Jonson Kuhn | New SCENE
Clay Rose is what you’d call Colorado music royalty. Having founded a number of bands, from his current and long-running project Gasoline Lollipops to his hugely popular Zombie-Death-Polka band The Widow’s Bane to even simply entertaining audiences with countless solo sets, Clay Rose is a name that’s hard not to know.
Gasoline Lollipops are headlining at the Rialto Theater in Loveland as a part of the Sweetheart festival on Friday, February 10 at 7 pm where they’ll be performing an intimate “Songs and Stories” set of music that will flesh out some of the heartfelt and harrowing backstories to Clay’s songs, of which there are many.
With the endless ups and downs throughout life that come with pursuing dreams and happiness, Clay said he often reflects on advice that someone once gave him, which was that the fear of losing what you have is always far greater than the fear of not getting what you want. Clay explained that for his entire life, he’s only had a fear of not getting what he wanted because he didn’t really have anything to lose, and it’s not really until recently that he’s experienced the fear of losing what he has, which he sums up by saying, “It’s way harder to have shit than to not have shit.”
As much as anyone will recognize his name, they certainly, too, will recognize the name Gasoline Lollipops as they’ve been known to tour the globe, as well as headline every major venue throughout Colorado, and have received substantial radio play, as well. Clay recently sat down with New Scene to talk about starting over and staying positive, as many bands were forced to do during the COVID-19 pandemic. As Clay explained, though being forced to slow down with the band’s tremendous progress, the opportunity to reassess his reasons for playing music in the first place proved to be the best thing that could have happened.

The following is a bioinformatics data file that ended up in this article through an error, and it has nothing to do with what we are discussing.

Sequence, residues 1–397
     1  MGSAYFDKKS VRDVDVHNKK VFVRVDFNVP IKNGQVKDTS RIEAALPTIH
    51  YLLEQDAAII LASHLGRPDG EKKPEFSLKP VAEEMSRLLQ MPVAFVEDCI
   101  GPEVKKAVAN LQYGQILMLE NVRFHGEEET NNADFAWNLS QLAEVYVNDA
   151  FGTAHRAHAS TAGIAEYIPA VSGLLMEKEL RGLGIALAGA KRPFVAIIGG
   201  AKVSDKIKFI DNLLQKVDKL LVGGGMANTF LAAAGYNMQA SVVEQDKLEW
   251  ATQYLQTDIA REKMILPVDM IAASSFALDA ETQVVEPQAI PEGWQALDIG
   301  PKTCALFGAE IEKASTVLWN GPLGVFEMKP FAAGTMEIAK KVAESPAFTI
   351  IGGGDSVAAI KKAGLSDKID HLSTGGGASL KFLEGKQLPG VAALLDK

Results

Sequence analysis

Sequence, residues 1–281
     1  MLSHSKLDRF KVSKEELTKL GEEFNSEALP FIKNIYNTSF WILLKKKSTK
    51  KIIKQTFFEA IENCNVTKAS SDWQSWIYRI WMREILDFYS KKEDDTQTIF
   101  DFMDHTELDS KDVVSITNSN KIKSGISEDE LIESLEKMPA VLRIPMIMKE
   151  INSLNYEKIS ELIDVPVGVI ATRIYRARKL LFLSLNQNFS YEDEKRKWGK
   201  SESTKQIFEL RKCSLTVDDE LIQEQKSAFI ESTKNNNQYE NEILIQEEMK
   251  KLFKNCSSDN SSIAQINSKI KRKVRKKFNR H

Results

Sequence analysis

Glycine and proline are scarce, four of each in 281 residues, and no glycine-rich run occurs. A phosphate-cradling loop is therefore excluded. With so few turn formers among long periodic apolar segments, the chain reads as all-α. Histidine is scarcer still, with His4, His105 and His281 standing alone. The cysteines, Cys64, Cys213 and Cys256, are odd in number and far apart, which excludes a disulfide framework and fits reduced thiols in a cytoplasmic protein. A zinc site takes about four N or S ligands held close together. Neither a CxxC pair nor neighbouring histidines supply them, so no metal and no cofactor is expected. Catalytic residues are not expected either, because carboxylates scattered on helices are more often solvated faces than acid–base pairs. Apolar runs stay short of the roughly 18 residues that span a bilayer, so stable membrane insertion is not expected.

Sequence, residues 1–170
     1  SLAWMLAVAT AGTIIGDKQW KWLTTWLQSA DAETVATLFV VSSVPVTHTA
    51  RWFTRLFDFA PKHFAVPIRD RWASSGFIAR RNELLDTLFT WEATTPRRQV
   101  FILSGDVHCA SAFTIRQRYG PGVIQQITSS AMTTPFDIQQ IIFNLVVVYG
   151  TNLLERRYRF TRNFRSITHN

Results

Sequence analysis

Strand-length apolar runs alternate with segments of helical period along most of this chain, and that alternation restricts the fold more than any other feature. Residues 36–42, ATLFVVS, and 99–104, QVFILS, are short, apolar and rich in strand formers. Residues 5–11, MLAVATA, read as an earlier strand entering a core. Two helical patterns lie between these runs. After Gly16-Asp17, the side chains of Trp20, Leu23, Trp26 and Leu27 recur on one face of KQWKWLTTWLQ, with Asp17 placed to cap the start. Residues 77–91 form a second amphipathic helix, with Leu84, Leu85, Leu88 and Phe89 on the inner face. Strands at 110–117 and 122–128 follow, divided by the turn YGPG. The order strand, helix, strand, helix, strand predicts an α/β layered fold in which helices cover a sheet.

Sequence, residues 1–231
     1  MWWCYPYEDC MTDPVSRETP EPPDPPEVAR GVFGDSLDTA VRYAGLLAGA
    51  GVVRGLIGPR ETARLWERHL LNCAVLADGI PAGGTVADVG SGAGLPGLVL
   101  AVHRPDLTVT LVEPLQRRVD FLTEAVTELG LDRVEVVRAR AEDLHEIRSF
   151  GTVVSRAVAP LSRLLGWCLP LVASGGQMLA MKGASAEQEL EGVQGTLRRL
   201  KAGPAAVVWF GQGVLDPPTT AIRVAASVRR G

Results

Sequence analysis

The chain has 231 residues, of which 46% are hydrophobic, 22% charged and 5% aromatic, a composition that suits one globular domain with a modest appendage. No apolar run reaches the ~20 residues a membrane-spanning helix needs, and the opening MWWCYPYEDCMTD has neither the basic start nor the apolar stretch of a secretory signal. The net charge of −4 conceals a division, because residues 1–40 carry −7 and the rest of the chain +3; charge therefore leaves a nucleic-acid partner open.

“I had been climbing this ladder and it seemed systematic and doable and then all of a sudden the whole structure came down and there was no goal anymore, so I had to figure out if I was going to keep playing music without a goal,” Clay said. “For the first year of the pandemic I thought, ‘No, I don’t and I’m done,’ I was just going to go back to swinging a hammer in construction work, which I did just out of necessity. But then there was sort of a liberation from not chasing a goal; at a certain point I realized I have to keep playing music just to keep my sanity and to keep some degree of spiritual health. Now I feel like I’m back to playing music for the right reasons for the first time in a really long time.”
Since the pandemic has become less intense, Clay said he feels things have in a sense started returning to normalcy, but at the same time there’s no denying a feeling like the band was knocked back “10 miles on the path.”
“It’s gotten back to the normalcy of 2010,” Clay said. “We’re obviously not the only ones having to start over to an extent, but I’m also at an age where it’s hard to go back ten years when I’m ten years older than I was then. I’m feeling like an old dog for sure.”
2017 was not only the year the band saw their biggest lineup, but it was also the year they saw their most success. Nowadays Clay said the band sits pretty steadily as a five-piece and has been so for the last several years.